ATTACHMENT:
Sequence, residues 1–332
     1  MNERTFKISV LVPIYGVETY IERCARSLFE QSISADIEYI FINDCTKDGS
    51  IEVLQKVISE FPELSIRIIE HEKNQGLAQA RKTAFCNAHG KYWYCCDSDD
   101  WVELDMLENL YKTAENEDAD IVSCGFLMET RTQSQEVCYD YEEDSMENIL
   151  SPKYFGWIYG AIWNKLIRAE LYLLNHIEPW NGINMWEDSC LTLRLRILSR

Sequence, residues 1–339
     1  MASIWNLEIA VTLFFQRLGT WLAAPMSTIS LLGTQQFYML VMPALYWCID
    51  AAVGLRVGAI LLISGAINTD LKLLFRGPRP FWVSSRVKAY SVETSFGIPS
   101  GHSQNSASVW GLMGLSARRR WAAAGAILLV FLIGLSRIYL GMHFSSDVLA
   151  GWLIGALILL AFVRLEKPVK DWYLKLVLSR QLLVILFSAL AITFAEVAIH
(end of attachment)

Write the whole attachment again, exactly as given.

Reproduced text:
Sequence, residues 1–332
     1  MNERTFKISV LVPIYGVETY IERCARSLFE QSISADIEYI FINDCTKDGS
    51  IEVLQKVISE FPELSIRIIE HEKNQGLAQA RKTAFCNAHG KYWYCCDSDD
   101  WVELDMLENL YKTAENEDAD IVSCGFLMET RTQSQEVCYD YEEDSMENIL
   151  SPKYFGWIYG AIWNKLIRAE LYLLNHIEPW NGINMWEDSC LTLRLRILSR

Sequence, residues 1–339
     1  MASIWNLEIA VTLFFQRLGT WLAAPMSTIS LLGTQQFYML VMPALYWCID
    51  AAVGLRVGAI LLISGAINTD LKLLFRGPRP FWVSSRVKAY SVETSFGIPS
   101  GHSQNSASVW GLMGLSARRR WAAAGAILLV FLIGLSRIYL GMHFSSDVLA
   151  GWLIGALILL AFVRLEKPVK DWYLKLVLSR QLLVILFSAL AITFAEVAIH